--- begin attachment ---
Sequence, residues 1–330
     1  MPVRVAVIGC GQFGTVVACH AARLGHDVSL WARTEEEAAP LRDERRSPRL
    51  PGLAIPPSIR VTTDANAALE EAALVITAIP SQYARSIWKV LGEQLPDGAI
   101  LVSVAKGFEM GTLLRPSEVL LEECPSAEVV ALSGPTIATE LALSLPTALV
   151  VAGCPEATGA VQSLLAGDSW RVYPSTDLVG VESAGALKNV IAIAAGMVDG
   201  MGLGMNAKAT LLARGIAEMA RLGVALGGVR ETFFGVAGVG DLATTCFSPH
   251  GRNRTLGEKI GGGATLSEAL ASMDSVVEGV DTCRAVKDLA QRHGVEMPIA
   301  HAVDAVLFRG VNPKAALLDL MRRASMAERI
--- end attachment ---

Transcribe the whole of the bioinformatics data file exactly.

Sequence, residues 1–330
     1  MPVRVAVIGC GQFGTVVACH AARLGHDVSL WARTEEEAAP LRDERRSPRL
    51  PGLAIPPSIR VTTDANAALE EAALVITAIP SQYARSIWKV LGEQLPDGAI
   101  LVSVAKGFEM GTLLRPSEVL LEECPSAEVV ALSGPTIATE LALSLPTALV
   151  VAGCPEATGA VQSLLAGDSW RVYPSTDLVG VESAGALKNV IAIAAGMVDG
   201  MGLGMNAKAT LLARGIAEMA RLGVALGGVR ETFFGVAGVG DLATTCFSPH
   251  GRNRTLGEKI GGGATLSEAL ASMDSVVEGV DTCRAVKDLA QRHGVEMPIA
   301  HAVDAVLFRG VNPKAALLDL MRRASMAERI